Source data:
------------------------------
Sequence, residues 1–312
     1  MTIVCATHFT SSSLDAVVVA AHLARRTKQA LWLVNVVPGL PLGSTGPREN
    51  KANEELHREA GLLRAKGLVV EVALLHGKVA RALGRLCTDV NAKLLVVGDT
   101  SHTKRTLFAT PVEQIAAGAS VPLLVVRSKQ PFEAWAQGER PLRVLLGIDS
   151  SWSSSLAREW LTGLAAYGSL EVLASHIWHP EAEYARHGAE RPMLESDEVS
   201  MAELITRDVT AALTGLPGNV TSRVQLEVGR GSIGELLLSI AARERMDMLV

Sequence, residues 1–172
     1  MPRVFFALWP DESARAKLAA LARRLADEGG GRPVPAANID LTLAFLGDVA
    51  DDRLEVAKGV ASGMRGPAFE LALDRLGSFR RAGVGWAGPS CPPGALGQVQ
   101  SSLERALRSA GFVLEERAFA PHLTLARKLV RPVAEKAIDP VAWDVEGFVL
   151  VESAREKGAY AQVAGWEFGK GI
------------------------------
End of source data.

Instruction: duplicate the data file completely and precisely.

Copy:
Sequence, residues 1–312
     1  MTIVCATHFT SSSLDAVVVA AHLARRTKQA LWLVNVVPGL PLGSTGPREN
    51  KANEELHREA GLLRAKGLVV EVALLHGKVA RALGRLCTDV NAKLLVVGDT
   101  SHTKRTLFAT PVEQIAAGAS VPLLVVRSKQ PFEAWAQGER PLRVLLGIDS
   151  SWSSSLAREW LTGLAAYGSL EVLASHIWHP EAEYARHGAE RPMLESDEVS
   201  MAELITRDVT AALTGLPGNV TSRVQLEVGR GSIGELLLSI AARERMDMLV

Sequence, residues 1–172
     1  MPRVFFALWP DESARAKLAA LARRLADEGG GRPVPAANID LTLAFLGDVA
    51  DDRLEVAKGV ASGMRGPAFE LALDRLGSFR RAGVGWAGPS CPPGALGQVQ
   101  SSLERALRSA GFVLEERAFA PHLTLARKLV RPVAEKAIDP VAWDVEGFVL
   151  VESAREKGAY AQVAGWEFGK GI